Application Briefs

Fluorosilicones Excel in Harsh Aerospace Applications

A broad operating temperature range, fuel resistance and long-term reliability are some of the unique properties of fluorosilicones that make them useful in aerospace applications. To demonstrate their effectiveness, NuSil recently compared fluorosilicones to standard dimethyl silicones in a series of tests.

Percent Swell

Figure 1. Percent mass change of fluorosilicones and dimethyl silicones.
Typically, polymeric materials will degrade and swell when exposed to hydrocarbons. In order to demonstrate the effectiveness of fluorosilicones in these environments, the NuSil Technology Swell Test, TM038, was used. Based on ASTM D471, cured samples were prepared at 1" × 1" × 0.070" and tested for specific gravity before and after 24, 48 and 72 hours in JP8 fuel. The percent swell is graphed as the percent difference in specific gravity starting at t= 0 (Figure 1).

When exposed to JP8 fuel, the dimethyl LSR and HCR that were tested both swelled above 150% of their original size, while the fluorosilicone with the greatest swell, FS-3775, underwent a comparatively low 20% change in mass. FS-3511 performed the best out of all the fluorosilicone formulations, with 5% change in mass over 72 hours in JP8. FS-3781 swelled 7% throughout the soak, and FS3-3730 (100% Mol fluorosilicone) exhibited a sustained 6% swell, with outstanding mechanical performance after thermal aging.

Thermal Stability

Figure 2. Hardness: Shore “A” durometer of FS3-3730 after exposure to 150 °C.
To test thermal stability, slabs of 100% Mol fluorosilicone FS3-3730 were suspended in an oven at 150°C (302°F) and then tested for durometer, (ASTM D 2240), elongation (ASTM D 412), tensile (ASTM D 412) and tear (ASTM D 624), at 4, 8, 24, 48, 96 and 192 hours to determine physical properties after exposure to high temperatures(Figure 2).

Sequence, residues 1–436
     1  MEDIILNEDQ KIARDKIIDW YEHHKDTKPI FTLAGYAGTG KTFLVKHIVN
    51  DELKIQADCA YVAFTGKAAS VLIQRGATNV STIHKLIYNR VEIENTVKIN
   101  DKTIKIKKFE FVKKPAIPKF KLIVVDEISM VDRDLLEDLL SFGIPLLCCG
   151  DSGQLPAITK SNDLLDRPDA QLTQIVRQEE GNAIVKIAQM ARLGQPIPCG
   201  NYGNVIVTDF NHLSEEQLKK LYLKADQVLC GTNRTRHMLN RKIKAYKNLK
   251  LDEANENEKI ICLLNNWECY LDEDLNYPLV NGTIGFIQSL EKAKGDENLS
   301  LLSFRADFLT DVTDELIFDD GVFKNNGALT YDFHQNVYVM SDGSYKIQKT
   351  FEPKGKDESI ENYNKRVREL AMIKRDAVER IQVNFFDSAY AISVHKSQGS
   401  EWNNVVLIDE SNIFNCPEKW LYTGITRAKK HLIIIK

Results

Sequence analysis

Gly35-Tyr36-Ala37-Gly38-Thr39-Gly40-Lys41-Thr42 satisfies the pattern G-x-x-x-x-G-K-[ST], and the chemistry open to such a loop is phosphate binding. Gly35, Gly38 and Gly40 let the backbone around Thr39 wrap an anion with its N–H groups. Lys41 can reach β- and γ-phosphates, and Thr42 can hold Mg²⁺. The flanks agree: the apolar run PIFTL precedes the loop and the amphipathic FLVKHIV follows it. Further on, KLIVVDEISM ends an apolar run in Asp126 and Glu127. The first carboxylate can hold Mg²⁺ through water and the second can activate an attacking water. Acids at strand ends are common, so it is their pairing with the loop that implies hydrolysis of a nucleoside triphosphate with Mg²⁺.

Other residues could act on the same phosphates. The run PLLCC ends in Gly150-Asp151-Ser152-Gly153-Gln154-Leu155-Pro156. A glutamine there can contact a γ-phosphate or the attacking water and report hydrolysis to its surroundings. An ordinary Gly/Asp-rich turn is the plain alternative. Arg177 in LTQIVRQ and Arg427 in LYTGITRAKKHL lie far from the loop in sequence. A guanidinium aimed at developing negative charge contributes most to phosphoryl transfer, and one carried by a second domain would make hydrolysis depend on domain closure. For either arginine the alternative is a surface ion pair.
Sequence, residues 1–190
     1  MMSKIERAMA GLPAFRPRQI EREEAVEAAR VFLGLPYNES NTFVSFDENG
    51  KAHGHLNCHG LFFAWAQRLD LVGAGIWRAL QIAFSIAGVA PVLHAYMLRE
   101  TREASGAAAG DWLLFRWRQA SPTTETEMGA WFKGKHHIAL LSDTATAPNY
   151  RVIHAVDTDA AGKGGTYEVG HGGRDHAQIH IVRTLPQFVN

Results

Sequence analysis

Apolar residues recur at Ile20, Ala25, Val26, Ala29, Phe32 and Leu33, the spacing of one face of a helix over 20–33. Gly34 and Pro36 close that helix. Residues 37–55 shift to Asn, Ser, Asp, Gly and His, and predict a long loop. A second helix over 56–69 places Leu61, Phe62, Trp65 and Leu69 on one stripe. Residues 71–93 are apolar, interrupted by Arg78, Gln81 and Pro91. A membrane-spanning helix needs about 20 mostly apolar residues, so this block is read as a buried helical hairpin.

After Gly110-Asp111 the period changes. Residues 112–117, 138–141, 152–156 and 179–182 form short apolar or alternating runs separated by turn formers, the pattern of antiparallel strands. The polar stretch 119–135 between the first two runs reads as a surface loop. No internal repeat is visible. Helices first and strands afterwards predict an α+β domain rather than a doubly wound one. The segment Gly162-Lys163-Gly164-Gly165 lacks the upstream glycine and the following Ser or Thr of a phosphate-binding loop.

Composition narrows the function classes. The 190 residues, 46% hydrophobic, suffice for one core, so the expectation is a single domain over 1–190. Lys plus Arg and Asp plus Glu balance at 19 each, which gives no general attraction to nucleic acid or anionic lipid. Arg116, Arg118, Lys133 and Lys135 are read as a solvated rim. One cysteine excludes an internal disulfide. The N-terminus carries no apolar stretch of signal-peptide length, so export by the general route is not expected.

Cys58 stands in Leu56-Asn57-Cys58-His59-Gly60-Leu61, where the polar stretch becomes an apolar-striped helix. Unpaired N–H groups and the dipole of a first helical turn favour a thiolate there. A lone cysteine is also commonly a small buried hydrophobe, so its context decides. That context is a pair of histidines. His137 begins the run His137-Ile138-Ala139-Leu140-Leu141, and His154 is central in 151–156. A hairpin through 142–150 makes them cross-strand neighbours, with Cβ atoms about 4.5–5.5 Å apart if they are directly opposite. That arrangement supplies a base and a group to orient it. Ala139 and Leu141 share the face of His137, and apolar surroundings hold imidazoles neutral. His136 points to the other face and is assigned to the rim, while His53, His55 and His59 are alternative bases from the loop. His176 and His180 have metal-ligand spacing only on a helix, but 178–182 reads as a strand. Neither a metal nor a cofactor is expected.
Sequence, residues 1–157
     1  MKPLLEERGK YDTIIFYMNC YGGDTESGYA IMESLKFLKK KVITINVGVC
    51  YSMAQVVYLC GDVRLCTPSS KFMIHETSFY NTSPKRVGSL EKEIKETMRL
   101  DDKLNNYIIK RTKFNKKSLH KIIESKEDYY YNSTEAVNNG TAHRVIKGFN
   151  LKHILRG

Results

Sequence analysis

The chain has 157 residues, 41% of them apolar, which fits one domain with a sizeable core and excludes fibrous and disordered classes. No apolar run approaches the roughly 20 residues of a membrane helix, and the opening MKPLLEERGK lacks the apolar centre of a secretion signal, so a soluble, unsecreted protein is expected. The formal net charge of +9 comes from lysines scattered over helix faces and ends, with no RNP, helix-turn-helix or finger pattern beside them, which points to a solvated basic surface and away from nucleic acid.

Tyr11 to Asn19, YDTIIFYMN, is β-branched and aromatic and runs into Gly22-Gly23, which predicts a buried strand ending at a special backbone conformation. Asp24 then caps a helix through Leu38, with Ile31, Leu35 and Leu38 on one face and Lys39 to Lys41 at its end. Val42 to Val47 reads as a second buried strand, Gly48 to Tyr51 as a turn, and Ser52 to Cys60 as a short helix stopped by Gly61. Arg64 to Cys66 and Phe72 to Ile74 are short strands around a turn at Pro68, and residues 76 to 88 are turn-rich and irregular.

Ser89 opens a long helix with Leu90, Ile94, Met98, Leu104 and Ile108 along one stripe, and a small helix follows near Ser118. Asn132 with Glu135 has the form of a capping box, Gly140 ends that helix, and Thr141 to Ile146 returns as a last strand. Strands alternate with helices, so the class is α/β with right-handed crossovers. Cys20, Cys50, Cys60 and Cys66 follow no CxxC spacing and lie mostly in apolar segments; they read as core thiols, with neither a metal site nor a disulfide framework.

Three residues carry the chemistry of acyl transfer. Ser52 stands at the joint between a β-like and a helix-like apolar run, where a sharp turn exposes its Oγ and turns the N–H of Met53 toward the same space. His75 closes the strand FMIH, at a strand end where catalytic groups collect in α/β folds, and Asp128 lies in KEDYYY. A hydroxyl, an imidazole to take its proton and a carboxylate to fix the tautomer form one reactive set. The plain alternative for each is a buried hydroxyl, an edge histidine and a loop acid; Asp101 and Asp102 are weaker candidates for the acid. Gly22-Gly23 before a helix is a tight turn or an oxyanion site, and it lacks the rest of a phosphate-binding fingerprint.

After 192 hours at 150°C, FS3-3730’s durometer increased by 14%, while elongation, tensile and tear values did not exhibit significant trends.

Dynamic Mechanical Analysis (DMA)

As shown in Figure 3, DMA testing based on ASTM D4065, D4440 and D5279 showed that viscoelastic properties are dependent on temperature.

Figure 3. Dynamic Mechanical Analysis for FS3-3730.
The E’ storage modulus (green line), the E” loss modulus (blue line), and the tangent delta loss modulus over storage modulus (red line) demonstrate the elasticity, viscosity, and viscoelasticity of FS3-3730, respectively. This material performs down to -61ºC, the glass transition point (Tg) represented by E” peak (peak of the blue line). While the standard Tg for dimethyl silicones is typically lower, fluorosilicones champion fuel resistance and still perform well in low temperatures.

Conclusion

For projects requiring elastomers in contact with hydrocarbons, especially fuels, fluorosilicones are ideal materials. They have high and low temperature performance and can be designed to cure in a variety of configurations. Fluorosilicones offer a new solution to difficult problems involving fuel resistant elastomeric applications.

NuSil Technology, LLC Carpinteria, CAB (805) 684-8780 www.nusil.com

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